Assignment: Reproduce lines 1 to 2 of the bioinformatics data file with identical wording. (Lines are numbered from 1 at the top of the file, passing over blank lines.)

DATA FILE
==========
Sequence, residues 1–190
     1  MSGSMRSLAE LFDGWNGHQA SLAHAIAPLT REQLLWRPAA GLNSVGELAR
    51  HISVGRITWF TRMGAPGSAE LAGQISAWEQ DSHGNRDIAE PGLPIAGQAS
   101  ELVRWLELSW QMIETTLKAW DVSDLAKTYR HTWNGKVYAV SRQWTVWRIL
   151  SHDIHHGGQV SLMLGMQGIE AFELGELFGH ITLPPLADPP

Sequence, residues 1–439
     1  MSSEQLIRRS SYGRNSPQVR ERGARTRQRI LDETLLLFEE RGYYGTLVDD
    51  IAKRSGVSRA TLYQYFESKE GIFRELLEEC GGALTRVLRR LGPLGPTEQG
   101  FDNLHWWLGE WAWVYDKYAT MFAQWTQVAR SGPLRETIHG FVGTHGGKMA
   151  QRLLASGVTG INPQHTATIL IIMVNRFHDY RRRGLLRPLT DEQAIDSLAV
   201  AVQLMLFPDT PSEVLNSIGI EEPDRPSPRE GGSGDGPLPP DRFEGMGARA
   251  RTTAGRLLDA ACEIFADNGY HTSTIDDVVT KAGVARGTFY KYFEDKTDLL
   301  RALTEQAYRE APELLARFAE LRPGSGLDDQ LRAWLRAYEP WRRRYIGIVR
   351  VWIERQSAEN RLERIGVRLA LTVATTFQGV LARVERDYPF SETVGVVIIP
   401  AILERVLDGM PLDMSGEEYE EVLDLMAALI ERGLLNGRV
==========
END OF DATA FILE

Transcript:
Sequence, residues 1–190
     1  MSGSMRSLAE LFDGWNGHQA SLAHAIAPLT REQLLWRPAA GLNSVGELAR